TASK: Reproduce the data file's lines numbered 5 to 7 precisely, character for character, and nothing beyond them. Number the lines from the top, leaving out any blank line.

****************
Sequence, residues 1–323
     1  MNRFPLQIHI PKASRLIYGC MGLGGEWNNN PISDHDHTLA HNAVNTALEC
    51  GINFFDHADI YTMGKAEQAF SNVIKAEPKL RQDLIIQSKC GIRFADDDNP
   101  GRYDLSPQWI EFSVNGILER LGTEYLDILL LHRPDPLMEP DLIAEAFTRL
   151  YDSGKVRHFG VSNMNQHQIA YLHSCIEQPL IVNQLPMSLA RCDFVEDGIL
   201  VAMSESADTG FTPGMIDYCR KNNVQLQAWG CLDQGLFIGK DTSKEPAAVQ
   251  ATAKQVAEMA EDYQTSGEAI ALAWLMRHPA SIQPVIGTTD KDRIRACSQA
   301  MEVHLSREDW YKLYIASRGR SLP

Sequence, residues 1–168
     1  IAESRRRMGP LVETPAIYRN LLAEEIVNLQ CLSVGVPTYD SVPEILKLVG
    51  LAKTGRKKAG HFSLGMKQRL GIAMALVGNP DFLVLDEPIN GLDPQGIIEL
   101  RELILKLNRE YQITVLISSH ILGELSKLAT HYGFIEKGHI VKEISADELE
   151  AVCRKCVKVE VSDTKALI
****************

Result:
   151  YDSGKVRHFG VSNMNQHQIA YLHSCIEQPL IVNQLPMSLA RCDFVEDGIL
   201  VAMSESADTG FTPGMIDYCR KNNVQLQAWG CLDQGLFIGK DTSKEPAAVQ
   251  ATAKQVAEMA EDYQTSGEAI ALAWLMRHPA SIQPVIGTTD KDRIRACSQA